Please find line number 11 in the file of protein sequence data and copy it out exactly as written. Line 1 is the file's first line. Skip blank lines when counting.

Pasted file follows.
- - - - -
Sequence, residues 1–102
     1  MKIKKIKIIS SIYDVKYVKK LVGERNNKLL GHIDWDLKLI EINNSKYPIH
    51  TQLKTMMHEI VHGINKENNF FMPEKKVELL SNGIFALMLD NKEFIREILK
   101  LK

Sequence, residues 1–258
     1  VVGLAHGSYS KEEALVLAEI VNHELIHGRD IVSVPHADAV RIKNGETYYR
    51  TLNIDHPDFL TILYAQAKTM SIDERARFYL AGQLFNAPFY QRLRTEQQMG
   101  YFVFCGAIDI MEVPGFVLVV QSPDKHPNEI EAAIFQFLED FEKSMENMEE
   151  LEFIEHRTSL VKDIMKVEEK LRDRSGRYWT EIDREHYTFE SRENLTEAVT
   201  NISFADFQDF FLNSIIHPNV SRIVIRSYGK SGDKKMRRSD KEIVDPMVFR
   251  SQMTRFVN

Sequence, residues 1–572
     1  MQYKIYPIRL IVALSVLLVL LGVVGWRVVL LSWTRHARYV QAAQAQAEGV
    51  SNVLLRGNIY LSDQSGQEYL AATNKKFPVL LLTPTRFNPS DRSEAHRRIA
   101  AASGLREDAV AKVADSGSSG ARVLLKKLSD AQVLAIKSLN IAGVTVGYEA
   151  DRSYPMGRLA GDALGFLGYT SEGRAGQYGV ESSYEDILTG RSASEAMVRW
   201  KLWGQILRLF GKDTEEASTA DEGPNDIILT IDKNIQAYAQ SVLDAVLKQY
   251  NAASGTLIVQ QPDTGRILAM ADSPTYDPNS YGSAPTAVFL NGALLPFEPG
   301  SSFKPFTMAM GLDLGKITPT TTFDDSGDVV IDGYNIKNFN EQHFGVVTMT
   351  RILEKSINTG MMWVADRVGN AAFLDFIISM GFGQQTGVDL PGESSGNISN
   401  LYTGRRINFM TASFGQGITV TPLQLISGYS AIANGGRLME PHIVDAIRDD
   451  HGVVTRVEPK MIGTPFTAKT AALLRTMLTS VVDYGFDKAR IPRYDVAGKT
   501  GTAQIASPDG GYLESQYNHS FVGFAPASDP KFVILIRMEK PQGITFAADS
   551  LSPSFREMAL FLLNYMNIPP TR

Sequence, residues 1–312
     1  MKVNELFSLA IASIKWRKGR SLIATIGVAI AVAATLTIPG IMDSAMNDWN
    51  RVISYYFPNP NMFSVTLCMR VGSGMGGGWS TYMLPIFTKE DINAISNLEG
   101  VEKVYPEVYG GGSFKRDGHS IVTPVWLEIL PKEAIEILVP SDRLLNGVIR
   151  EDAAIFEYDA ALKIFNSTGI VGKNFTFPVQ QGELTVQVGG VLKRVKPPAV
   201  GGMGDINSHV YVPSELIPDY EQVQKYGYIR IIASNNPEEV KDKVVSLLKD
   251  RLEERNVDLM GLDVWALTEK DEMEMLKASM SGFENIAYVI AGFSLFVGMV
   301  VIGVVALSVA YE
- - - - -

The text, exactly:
   251  SQMTRFVN